Rule 4: Eat fat, but not unlimited amounts

The idea that fatty foods are not stored as fat is untrue, but it is also a ridiculous notion that eating fat automatically makes someone fat.  Like starchy foods, we each have our unique tolerance to fatty foods.  Fat has several unique hormonal effects, like it helps control hunger through the release of hunger hormones.  Yet, of course fat carries a hefty dose of calories.  At the same time, very low fat diets decrease other important hormones and may therefore slow fat loss and delay lean muscle gain. The best approach is to eat your fat, but don't overdo it especially when it comes along with starch (see rule 5). 

The key is the TYPE of fat. It's not just the umbrella term "fat" but it needs to be broken down further than that.

  • Trans fat
  • Monounsaturated fat (MUFA)
  • Polyunsaturated fat (PUFA)
  • Saturated fat (SFA)

First, manmade trans fat is horrible for you -- that's the type found in many baked goods, margarine, shortening, etc. It's in products that have "partially hydrogenated" or "fully hydrogenated" oils in them. Leave those foods on the shelf; they're similar to drinking cement.  Just like cement, over time it will harden -- well ultimately too much trans fat will cause plaque buildup. It may increase belly fat and raises bad cholesterol in your body. All around bad stuff.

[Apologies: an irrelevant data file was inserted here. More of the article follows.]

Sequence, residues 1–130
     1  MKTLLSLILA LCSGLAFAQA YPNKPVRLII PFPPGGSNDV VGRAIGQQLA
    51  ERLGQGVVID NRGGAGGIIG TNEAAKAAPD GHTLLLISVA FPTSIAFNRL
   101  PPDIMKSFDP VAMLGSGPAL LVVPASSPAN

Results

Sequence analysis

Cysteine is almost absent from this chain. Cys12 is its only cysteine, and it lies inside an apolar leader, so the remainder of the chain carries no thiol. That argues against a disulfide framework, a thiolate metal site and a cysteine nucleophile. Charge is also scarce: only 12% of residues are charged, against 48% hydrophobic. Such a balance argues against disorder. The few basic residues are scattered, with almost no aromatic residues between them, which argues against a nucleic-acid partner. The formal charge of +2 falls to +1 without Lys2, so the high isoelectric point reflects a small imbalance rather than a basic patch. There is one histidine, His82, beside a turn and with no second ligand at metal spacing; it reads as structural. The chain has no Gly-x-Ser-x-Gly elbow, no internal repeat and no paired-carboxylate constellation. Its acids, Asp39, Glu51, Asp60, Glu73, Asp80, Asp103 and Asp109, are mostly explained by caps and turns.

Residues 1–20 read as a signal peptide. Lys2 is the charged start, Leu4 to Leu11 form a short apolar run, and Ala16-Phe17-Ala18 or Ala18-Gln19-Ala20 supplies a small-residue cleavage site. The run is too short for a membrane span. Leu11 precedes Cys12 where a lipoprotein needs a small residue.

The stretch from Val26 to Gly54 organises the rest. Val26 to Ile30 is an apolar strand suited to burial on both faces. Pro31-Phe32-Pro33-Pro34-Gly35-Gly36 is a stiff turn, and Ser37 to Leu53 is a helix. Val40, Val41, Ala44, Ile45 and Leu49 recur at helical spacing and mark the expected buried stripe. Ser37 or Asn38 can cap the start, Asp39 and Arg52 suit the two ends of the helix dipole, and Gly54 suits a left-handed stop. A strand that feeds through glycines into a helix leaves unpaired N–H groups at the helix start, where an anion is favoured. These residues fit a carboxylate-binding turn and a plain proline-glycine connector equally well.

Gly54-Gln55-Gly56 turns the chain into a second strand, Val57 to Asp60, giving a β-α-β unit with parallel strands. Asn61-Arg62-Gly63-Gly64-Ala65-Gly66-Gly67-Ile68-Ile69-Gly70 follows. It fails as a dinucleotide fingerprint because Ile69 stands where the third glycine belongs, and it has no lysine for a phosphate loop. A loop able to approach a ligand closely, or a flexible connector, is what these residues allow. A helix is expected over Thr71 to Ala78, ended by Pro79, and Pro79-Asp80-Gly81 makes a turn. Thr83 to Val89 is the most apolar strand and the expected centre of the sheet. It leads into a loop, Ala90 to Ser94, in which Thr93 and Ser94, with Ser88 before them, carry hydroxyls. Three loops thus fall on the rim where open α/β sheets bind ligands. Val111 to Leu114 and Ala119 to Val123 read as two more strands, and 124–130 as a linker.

MUFA is like that found in olive and canola oils, nuts, avocados, and egg yolks. These are great for us in small quantities. When you get the oil changed in your car, you can imagine the old oil being thick and sludgy...well MUFAs are like the fresh, clean oil that goes in your car (or body). The key is not to ADD these to your diet, but rather REPLACE saturated and trans fats fats in your current diet with MUFA.

PUFA are great for you too -- well, some of them. These are the omega 3 fats (fish oil) you hear so much about.  Eat more fish.  At least 2x/week. Some nuts, like almonds and walnuts, are also high in omega-3 fats so eat those too ... ~ 1 handful each day (unless you're allergic). Aside from the "general" health benefits, those who eat 1 oz per day (a small handful) weigh less according to some very good research. Like the MUFAs, replace unhealthy saturated and trans fats with these.

Saturated fat -- eating some of this is fine, but just keep it to a minimum. If a fat is solid at room temperature, like butter and animal fat, it's primarily made up of saturated fats. These increase your risk for heart disease if you eat too much over time.

Rule 5: Eat the combination of fat and sugar sparingly (New!)

Starch and sugar provide the major impact on insulin production. Fat alone has little influence on insulin. But fat and sugar/starch combined together? Watch out! When combined, they create a fat storing atomic bomb of hormonal activity.